Here it is, Monday, February 14th. I spent the day home sick in bed.

Happy Valentine's Day!!!

Or is it?

A researcher has taken an extensive look at Valentine's Day greeting cards over the years since they first started in the mid 19th century. His conclusion? The greetings don't promote love at all. Rather, they serve as a convenient escape from it.

By using a stock, cliche phrase in a canned gesture of affection, one can keep his or her love interest at a certain distance. This helps reinforce the fact that the relationship is only temporary. Such a phenomenon is a reflection of social and economic pressures that have come about since the Industrial Revolution, making sincere expressions of love too risky.

Hmm...I wonder what kind of Valentine's Day greetings Britney Spears uses?

As for me, I'll stick with Japanese Valentine's Day: girls give chocolate to boys. Unfortunately, since I was home sick today, I doubt I'll be getting much this year.

Happy Valentine's Day, everyone!

Friday, February 11, 2005

From the Minstrel's Closet - The Hichiriki

Okay, to change the pace of this stagnating page once again, how about a bit of ethnomusicology from my own collection?

The Hichiriki

The hichiriki is a tiny, little instrument which nevertheless plays a very important role in Japanese gagaku, or courtly music. It is usually used to play the principal melody part. Unlike the other traditional, Japanese wind instruments, it uses a double reed like an oboe, English horn, or bassoon. Unlike the former, however, the reed, known as a shita ("tongue"), isn't tied. Instead, it is mainly held together by a flat ring of cane that also serves to maintain the shape of the reed's playing end. The other end, the one inserted into the main body of the instrument, is wrapped with traditional washi paper.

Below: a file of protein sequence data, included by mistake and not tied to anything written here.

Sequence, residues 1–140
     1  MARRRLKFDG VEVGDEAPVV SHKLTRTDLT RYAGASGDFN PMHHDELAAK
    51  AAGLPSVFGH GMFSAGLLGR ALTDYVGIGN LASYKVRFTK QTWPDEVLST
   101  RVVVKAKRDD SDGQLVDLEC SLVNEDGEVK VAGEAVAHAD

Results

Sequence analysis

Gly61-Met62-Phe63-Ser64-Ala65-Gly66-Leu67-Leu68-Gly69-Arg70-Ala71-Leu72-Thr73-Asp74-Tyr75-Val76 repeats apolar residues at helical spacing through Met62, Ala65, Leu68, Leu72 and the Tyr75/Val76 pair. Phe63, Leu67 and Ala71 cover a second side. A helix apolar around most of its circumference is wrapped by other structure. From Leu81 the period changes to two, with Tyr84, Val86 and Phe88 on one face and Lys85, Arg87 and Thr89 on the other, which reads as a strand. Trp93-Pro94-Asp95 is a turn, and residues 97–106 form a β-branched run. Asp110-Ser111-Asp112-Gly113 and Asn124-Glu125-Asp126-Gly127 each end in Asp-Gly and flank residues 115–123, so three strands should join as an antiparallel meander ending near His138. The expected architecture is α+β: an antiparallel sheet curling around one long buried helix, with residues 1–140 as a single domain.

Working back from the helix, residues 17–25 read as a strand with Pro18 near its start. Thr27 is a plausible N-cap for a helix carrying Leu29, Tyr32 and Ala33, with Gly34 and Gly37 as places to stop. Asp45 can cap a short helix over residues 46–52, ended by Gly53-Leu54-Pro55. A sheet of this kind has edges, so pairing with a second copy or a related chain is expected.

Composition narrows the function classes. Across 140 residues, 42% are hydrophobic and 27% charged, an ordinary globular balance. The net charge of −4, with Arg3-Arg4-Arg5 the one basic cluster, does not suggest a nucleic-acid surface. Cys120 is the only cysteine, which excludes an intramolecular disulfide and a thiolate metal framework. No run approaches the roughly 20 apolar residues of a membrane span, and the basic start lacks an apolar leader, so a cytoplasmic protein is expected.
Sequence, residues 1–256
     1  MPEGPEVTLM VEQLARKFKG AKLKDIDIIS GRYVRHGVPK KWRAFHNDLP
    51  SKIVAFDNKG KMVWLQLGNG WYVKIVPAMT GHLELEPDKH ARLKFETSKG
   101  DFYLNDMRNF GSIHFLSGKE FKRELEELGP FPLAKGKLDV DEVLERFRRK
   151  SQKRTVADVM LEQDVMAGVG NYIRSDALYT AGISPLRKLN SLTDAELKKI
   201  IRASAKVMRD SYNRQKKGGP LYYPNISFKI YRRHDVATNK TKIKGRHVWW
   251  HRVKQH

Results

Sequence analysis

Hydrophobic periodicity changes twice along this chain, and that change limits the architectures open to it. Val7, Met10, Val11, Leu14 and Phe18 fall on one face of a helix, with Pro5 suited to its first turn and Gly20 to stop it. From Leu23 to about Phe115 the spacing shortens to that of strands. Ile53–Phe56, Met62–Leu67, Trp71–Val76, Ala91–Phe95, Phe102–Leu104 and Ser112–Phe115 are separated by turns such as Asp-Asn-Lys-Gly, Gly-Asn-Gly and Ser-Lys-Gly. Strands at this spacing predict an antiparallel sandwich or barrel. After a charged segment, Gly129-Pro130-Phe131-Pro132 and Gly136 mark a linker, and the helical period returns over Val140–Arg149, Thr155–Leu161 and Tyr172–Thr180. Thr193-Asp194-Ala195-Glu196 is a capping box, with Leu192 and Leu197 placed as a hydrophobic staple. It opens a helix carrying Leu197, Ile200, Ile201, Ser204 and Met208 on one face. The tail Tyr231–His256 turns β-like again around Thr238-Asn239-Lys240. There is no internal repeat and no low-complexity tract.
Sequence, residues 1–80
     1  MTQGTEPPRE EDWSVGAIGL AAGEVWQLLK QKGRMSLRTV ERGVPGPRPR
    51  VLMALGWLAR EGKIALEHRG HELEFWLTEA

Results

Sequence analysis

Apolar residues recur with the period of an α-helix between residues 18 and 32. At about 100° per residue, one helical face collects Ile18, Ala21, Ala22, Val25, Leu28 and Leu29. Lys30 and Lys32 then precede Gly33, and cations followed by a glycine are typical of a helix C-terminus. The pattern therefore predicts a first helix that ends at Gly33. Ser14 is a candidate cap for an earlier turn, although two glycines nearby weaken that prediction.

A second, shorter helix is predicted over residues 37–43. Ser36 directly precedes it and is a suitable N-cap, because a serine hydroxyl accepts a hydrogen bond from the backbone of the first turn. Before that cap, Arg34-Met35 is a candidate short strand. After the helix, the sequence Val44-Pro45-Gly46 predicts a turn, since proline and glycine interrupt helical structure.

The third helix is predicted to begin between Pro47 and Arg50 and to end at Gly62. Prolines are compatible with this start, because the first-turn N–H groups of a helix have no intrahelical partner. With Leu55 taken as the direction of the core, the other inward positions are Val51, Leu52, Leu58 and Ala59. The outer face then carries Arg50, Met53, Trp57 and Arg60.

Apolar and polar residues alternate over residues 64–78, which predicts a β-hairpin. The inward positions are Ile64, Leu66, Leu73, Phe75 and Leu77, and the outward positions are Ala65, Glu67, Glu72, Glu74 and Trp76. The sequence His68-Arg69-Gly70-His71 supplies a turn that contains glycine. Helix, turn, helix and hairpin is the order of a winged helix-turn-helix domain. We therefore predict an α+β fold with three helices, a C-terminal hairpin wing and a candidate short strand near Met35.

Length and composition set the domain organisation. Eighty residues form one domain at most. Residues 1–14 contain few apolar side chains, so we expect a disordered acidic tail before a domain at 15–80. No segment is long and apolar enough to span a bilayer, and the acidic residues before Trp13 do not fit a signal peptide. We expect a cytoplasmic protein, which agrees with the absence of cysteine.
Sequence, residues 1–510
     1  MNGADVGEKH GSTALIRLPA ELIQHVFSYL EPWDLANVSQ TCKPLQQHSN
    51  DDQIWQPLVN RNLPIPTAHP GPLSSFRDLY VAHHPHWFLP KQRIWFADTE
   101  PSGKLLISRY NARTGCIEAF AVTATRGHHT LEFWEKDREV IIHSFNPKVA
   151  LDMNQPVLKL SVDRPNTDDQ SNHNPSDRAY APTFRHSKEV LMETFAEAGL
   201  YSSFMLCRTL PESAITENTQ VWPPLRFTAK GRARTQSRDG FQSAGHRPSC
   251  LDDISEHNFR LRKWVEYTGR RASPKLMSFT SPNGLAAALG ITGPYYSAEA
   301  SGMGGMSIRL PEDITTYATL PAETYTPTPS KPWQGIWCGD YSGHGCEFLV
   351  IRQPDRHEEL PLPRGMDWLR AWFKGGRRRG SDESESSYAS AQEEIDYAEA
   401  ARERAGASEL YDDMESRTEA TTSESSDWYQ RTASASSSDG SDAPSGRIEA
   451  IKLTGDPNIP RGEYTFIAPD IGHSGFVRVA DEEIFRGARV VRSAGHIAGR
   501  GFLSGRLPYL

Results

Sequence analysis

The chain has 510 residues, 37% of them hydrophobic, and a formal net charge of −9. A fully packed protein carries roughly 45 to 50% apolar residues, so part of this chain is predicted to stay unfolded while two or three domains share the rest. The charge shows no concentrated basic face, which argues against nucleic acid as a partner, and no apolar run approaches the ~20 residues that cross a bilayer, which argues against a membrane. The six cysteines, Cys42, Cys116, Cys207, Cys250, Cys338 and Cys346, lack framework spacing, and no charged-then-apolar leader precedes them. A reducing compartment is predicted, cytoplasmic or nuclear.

As with those of Western double-reed instruments, the reed of the hichiriki must be soaked before playing. However, unlike its Western counterparts, which are placed in water, it is usually soaked in hot, green tea. This serves not only to moisten the reed but to cure it, improving its tone.
Though tiny, a hichiriki is capable of pumping out a melody at a very high volume. Its piercing, nasal sound is also very good for punching through the ensemble accompaniment. An experienced player is also capable of bending the pitch to a very wide range without changing his finger position, a technique which is considered essential to the instrument. It is also possible to adjust the tone color to a considerable extent. (For example, I once heard a hichiriki player perform an Irish tune together with a symphony orchestra. He did a very convincing imitation of the sound of Uillean pipes!)

Traditional hichiriki are made of lacquered bark, such as cherry or birch. Mine appears to be made of plastic, but at least the reed is genuine. I can play a scale and keep it more or less in tune (and even manage vibrato), but I can't do those wide bends like the real players. I also can't get it to sound right. Maybe I should obey tradition and soak the reed in tea next time...

Wednesday, February 09, 2005

No More Reign

Emmert: The Reign is over

The Tribune

Terry Emmert, the main supporter of the Portland Reign for the past three months, says he’s through with the American Basketball Association team, which has effectively shut down.

Emmert made overtures to buy the team from a group of seven owners, but those efforts failed, he says, due mostly to the indecision of the ownership group, led by local entrepreneur Mary Liss.